ADEN/WASHINGTON (Reuters) - Yemeni President Abd-Rabbu Mansour Hadi accused the Iranian-allied Houthi militia on Saturday of staging a coup against him and appealed to the United Nations for “urgent intervention”, even as the United States evacuated its remaining forces.
In a call to arms from the southern city of Aden, where he fled last month after escaping house arrest by the Houthis, Hadi called on them to pull their forces out of state ministries, return weapons seized from the army and quit the capital, Sanaa.
The U.N. Security Council was set to meet on Sunday to discuss Yemen after Hadi appealed to the 15-member body for assistance “in all available means to stop this aggression”.
Yemen has been hurtling towards civil war since last year when the Houthis seized Sanaa and advanced into Sunni Muslim areas, leading to clashes with local tribes and energizing a southern separatist movement.
U.S. officials said Washington had evacuated its remaining personnel from Yemen, including about 100 special operations forces, because of deteriorating security, marking a further setback in U.S. efforts against a powerful local al Qaeda branch.
The last major U.S. military contingent in Yemen had been stationed at the al-Annad air base in the south, according to national security sources.
State Department spokesman Jeff Rathke said all remaining U.S. staff had been “temporarily relocated” but insisted that Washington would “continue to actively monitor terrorist threats emanating from Yemen and ... take action to disrupt continuing, imminent threats to the United States”.
Washington for years has been waging a campaign of deadly drone strikes against al Qaeda operatives in Yemen. U.S. officials say the unmanned aircraft fly out of a base in neighboring Saudi Arabia.
Only last September U.S. President Barack Obama touted the partnership with Yemen as a model in counter-terrorism.
But the subsequent collapse of Hadi’s government disrupted some U.S. counterterrorism operations, and the closing of the U.S. embassy in Sanaa last month took a further toll.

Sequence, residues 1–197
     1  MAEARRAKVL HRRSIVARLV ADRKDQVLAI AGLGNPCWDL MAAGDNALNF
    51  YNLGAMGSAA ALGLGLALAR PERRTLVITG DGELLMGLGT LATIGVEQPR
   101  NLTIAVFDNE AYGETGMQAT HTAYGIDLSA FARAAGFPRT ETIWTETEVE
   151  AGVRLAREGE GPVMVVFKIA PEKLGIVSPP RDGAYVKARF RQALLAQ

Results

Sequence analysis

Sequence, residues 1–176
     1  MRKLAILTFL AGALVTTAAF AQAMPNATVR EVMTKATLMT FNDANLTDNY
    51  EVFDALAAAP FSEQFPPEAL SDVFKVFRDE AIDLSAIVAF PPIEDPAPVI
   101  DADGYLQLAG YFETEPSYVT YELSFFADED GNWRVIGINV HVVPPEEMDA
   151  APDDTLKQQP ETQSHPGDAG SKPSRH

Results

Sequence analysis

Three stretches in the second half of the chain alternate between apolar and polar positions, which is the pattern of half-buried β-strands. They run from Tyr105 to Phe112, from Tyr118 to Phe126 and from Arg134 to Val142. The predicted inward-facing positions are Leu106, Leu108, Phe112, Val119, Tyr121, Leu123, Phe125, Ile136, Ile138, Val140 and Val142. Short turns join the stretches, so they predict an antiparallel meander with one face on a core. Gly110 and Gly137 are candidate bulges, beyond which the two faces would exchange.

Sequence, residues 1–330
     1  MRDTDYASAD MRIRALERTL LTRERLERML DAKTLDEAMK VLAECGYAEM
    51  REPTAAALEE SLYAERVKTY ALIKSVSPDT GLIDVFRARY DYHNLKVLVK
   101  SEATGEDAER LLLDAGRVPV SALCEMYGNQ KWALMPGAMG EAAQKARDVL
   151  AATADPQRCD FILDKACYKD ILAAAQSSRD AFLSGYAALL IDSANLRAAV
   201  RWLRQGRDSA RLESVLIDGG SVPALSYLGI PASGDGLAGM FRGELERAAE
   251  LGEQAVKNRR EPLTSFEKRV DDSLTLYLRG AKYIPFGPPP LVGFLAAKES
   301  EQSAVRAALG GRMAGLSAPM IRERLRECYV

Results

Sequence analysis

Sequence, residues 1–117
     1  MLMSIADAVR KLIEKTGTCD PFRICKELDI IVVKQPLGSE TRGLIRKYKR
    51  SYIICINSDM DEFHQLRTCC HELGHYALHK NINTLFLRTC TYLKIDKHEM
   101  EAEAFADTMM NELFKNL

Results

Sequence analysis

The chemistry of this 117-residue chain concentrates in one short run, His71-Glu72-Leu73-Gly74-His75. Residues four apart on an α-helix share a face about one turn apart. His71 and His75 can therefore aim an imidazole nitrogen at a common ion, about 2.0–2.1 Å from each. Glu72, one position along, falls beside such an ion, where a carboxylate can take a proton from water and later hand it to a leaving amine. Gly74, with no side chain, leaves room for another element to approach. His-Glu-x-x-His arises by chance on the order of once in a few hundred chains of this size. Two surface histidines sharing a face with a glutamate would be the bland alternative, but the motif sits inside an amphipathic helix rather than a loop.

Despite that, Hadi sounded a defiant note from his base in the south on Saturday, threatening action against the Houthis’ northern stronghold.
“We shall deliver the country to safety and raise Yemen’s flag on Mount Marran in Saadeh instead of the Iranian flag,” he said in a televised speech, his first since reaching Aden. Iran is an ally of the Houthis, who belong to a Shi’ite Muslim sect.
The Houthis, in a statement from their Supreme Revolutionary Committee, did not directly respond to the speech but called for a “general mobilization” of the armed forces against a “dirty war” they said was being waged by militias loyal to Hadi.
Hadi’s flight to Aden has raised the prospect of armed confrontation between rival governments based in the north and south, creating chaos that could be exploited by the Yemen-based regional wing of al Qaeda.
Fighting is spreading across Yemen, and 137 people were killed on Friday in the bombings of two Shi’ite mosques in Sanaa. The bombings were claimed by Islamic State, an al Qaeda offshoot that controls large swaths of territory in Iraq and Syria and said it was also behind an attack that killed 23 people in Tunisia on Wednesday.
In his letter to Security Council, Hadi called for a resolution to “deter the Houthi militias and their allies, to stop their aggression against all governorates, especially the city of Aden, and to support the legitimate authority”.
U.N. mediator Jamal Benomar is likely to brief the council on Sunday via video link, diplomats said. The Security Council is negotiating a statement on Yemen that could be adopted during the meeting, diplomats said.
“We join all of the other members of the Security Council in underscoring that President Hadi is the legitimate authority in Yemen,” Rathke said in a statement released in Washington. He called on the Houthis and “their allies to stop their violent incitement” but made no mention of Iran, whose backing for the Houthis has raised U.S. concerns.
Hadi held open the door to a negotiated settlement with a call for the Houthis and other groups to attend peace talks in Saudi Arabia.
He said Yemen must return to the political situation in place before the Houthis took control of Sanaa, restoring its constitution and implementing the results of a national dialogue process and Gulf-sponsored political transition.
In his speech, he denounced the Houthis as “coup plotters” and said he wanted to confront sectarianism. Addressing Houthi accusations that he planned to back a southern secessionist movement, he said his flight to Aden had been intended to preserve the country’s unity.
Unidentified warplanes have bombed Hadi’s Aden headquarters in recent days, and on Saturday forces loyal to the former president, Ali Abdullah Saleh, who is now allied to the Houthis, moved units to Taiz, 150 km (100 miles) northwest of Aden.
On Friday, al Qaeda militants killed 20 soldiers during a brief occupation of al-Houta, the capital of Lahj province, which is only 30 km (20 miles) from Aden, before being driven back by the army.
Additional reporting by Mohammed Ghobari and Omar Fahmy in Cairo, Phil Stewart in Washington and Michelle Nichols at the United Nations; Writing by Angus McDowall in Riyadh and Matt Spetalnick in Washington; Editing by Kevin Liffey, Mark Trevelyan and Paul Tait